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They’re Baaaaack
by Jessica Carner
Jun 02, 2011 | 4766 views | 0 0 comments | 4 4 recommendations | email to a friend | print
Tribune/John Byrne - Lila Ariaz-Maglio, of Ariaz-Maglio Boar and Goat in Manteca, Calif., uses a paint stamp to place identifying numbers on the back of one of her boar goats Thursday at John Ascuaga’s Nugget.
Tribune/John Byrne - Lila Ariaz-Maglio, of Ariaz-Maglio Boar and Goat in Manteca, Calif., uses a paint stamp to place identifying numbers on the back of one of her boar goats Thursday at John Ascuaga’s Nugget.
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Tribune/John Byrne - Pat Ariaz, Lila’s husband, brushes the goat.
Tribune/John Byrne - Pat Ariaz, Lila’s husband, brushes the goat.
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SPARKS — Hundreds of sheep will take the stage in the Celebrity Showroom at John Ascuaga’s Nugget Saturday, and we’re not talking about “Sheep Dippers” — these are actual four-legged critters that speak in a series of “baahhhs.”

The Nugget All-American Sheep and Goat Show and Sale began Thursday and continues today with a livestock competition in a show ring located just outside the Nugget parking structure, which is currently doubling as a sheep barn, and will culminate with a breeding stock and fleece sale inside the Nugget on Saturday morning.

“Everyone who gets a champion lines up on stage,” Greg Ahart, president of the United Suffolk Sheep Association, said about Saturday morning’s sale in the Celebrity Showroom. “So we have about 20 sheep on stage and then the curtain goes up. It’s quite an event.”

After the grand champions are presented, the livestock sale will commence. The curtain will rise at 10 a.m., Ahart said, and about 600 animals will be sold as they cross the showroom stage.

“Friday night Eddie Money is performing (in the Celebrity Showroom),” sale manager Greg Deakin said with a laugh. “Then Saturday morning is us.”

According to Jim Ketcham, owner of Ketcham’s Sheep Equipment in Edwardsville, Ill., although a large portion of the U.S. economy is suffering, the sheep industry is flourishing.

“Some of these sheep will bring as much as $10,000,” at Saturday’s sale, Ketcham said.

Deakin echoed Ketcham’s sentiments, and said the sheep business is “super strong” and that prices are up from this time last year.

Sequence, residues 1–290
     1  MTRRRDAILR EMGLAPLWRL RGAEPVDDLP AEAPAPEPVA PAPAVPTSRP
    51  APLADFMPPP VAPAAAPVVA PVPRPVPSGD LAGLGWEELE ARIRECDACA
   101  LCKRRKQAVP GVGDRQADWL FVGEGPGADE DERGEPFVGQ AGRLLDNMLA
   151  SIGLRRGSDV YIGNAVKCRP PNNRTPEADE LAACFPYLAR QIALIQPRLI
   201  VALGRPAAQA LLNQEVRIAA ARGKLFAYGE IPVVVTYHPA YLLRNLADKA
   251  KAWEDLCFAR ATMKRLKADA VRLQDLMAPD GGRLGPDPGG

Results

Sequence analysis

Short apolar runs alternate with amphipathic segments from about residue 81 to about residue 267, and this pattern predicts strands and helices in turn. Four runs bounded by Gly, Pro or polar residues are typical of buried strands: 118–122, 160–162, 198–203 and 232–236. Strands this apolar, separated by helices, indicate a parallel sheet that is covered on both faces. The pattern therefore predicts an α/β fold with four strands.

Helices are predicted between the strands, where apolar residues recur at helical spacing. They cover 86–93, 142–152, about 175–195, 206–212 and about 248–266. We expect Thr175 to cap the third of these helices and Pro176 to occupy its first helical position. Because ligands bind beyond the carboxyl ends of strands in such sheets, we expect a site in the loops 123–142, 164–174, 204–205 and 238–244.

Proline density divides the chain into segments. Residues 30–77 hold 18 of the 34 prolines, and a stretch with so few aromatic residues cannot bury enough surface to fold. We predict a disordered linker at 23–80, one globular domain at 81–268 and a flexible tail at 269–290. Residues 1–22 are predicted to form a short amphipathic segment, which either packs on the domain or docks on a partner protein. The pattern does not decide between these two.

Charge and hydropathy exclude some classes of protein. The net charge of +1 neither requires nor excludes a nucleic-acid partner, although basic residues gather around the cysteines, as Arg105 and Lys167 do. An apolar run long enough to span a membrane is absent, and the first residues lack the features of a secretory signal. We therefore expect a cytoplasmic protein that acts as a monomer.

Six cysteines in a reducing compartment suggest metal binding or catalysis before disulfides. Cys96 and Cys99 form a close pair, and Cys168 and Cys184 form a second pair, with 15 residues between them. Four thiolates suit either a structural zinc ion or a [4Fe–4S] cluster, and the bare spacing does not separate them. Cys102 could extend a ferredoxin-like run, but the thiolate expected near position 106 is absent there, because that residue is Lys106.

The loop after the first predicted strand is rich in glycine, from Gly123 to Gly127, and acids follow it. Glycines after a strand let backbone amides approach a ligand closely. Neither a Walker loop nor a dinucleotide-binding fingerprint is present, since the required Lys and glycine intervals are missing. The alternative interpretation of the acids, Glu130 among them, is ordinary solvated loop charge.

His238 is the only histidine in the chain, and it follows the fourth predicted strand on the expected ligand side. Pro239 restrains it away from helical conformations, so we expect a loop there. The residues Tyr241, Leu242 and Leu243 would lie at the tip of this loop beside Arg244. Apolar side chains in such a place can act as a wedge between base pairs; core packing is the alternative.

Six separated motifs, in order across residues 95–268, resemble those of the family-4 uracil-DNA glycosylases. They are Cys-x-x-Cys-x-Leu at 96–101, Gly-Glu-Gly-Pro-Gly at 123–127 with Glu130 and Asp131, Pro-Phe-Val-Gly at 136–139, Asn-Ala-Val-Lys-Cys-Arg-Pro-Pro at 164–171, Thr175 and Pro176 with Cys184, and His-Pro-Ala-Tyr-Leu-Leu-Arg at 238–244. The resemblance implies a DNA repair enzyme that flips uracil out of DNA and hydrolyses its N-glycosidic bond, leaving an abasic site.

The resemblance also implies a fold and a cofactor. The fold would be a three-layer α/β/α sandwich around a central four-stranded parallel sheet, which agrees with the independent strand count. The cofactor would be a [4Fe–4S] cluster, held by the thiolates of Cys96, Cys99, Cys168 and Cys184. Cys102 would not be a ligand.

“Lamb prices are at record highs,” Deakin said. “Wool prices are strong.”

Cynthia Huckins of Spring Creek, Nev., attributes the stability of sheep prices to the ability of breeders to gain a reputation for producing quality livestock.

“Lamb prices for commercial sheep are really good right now,” said Huckins, who runs about 50 head of sheep on her northeastern Nevada ranch, Ruby Mountain Sheep Company. “I think it is because most breeders are able to develop a reputation.”

Along with the sheep, a handful of Boer goats, which are bred for their meat, also are being sold this week.

“The wethered (altered) males are being sold for meat,” said Lila Meglio of Ariaz-Meglio Boer Goats in Manteca, Calif. “The females are sold for breeding purposes.”

“These goats have only been in the U.S. for a short period of time,” said Pat Ariaz, as he explained a breeder in Texas brought the first embryos to America from South Africa. “Now there are thousands of them here.”

This is the 32nd year the sheep event has been held in Sparks-Reno, Deakin said.

“This is one of the three largest purebred sheep sales in the United States,” Deakin said, adding there are more than a dozen breeds of sheep from about 25 states at the show this year, and that breeders and buyers travel long distances to be at this event. “There are buyers here from all over the U.S., literally from Maine to California.”

The sheep show has taken place at the Nugget almost every year, except for a period of time where it was moved to the Reno-Sparks Livestock Event Center while the Nugget was under construction.

“This is about the 15th year we have been back here,” Deakin said.

Ahart said holding the event at the Nugget is convenient for attendees because they can eat, sleep and play in one location during the show and sale.

“It is a really family-friendly event and we have a good time,” Ahart said. “And the Ascuaga family has always been very generous to us.”
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